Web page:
Prepared Notes for Board Meeting - Audit

September 20, 2010 

Marc A. Schare - 614 791-0067

marc9@aol.com

 

First, thanks to everyone who turned out tonight and thanks to the State Audit team for participating in our discussion.  I want to acknowledge the district’s treasurer’s advisory committee for their help in the early stages of the audit, specifically, in defining the scope of the audit. I admit that I was an audit-skeptic in the beginning of the project but the professionalism, integrity and thoroughness of the auditor’s team was apparent throughout the process and the results speak for themselves – meaningful, actionable information which, if implemented, would save us many times over what the audit cost.

 

I think we are all pretty adamant that this report will not sit on a shelf. The data will be used to guide future decisions. Obviously, we need to pay special attention to the recommendations, but I’d like to make a few additional points about what I got out of the report.

 

1)  Staffing levels and compensation levels in the district are more or less in line with benchmarked districts. Our above average cost per pupil, therefore, would be attributed to the above average experience level of the staff. This statement, while true, is of small consolation to many Worthington taxpayers, so the policy decision that must be made is – do we manage to a benchmark of FTE’s or do we manage to a monetary benchmark.

 

2) There are many examples of staffing levels within each building that are inconsistent with peer averages. One such example was middle school health/physical education which the district addressed partially with middle school restructure, however, similar inconsistencies can be found with middle school art and middle school music. It is my hope that while such inconsistencies did not result in formal recommendations, the district addresses these findings in a proactive way and either determines that the staffing levels are what they are because we prioritize these subjects or the district seeks to reduce to something approaching peer group averages.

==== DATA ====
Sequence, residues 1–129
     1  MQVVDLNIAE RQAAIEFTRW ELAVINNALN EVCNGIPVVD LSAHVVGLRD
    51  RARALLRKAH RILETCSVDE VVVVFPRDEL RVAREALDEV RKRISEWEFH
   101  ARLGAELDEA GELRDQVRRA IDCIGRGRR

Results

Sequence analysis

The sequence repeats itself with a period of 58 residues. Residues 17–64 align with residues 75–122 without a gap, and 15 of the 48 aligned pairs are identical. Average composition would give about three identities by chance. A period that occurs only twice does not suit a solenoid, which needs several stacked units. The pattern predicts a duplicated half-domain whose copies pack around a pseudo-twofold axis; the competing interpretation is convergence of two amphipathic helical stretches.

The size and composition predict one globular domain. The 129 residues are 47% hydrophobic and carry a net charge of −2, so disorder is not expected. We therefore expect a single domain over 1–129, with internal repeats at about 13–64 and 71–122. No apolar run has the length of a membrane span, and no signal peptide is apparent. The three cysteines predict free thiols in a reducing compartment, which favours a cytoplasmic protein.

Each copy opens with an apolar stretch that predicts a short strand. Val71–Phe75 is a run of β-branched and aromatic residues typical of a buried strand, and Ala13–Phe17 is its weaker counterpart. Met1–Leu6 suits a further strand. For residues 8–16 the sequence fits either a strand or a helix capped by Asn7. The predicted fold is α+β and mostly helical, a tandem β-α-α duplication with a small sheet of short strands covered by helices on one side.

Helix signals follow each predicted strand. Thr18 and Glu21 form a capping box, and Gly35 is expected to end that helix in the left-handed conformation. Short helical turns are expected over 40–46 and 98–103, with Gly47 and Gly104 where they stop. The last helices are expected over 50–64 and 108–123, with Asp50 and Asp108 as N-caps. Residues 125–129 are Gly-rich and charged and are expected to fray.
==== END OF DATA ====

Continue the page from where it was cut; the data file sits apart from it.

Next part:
3) All 11 elementary schools and all 5 middle schools are smaller than the average of our peer group. Some of what we are seeing in the report is directly attributable to Worthington’s policy of having small neighborhood schools, however, that policy, popular as it is, comes at a price. It is my hope that we can identify the incremental costs associated with small neighborhood schools and report to the community what, if anything can be saved with a building realignment.

 

4) While it is important to understand peer group averages, our district needs to make decisions based on what is best for our kids, our families and our taxpayers. It is my hope that over time, if our district chooses not to implement a recommendation, it provides an explanation for the decision so our constituents understand the thinking behind it. 

 

Finally, I want to acknowledge and thank our district’s leadership team in voluntarily engaging in this audit. We’ve long had an objective of transparent operations in this district and I think the audit is a meaningful manifestation of those goals.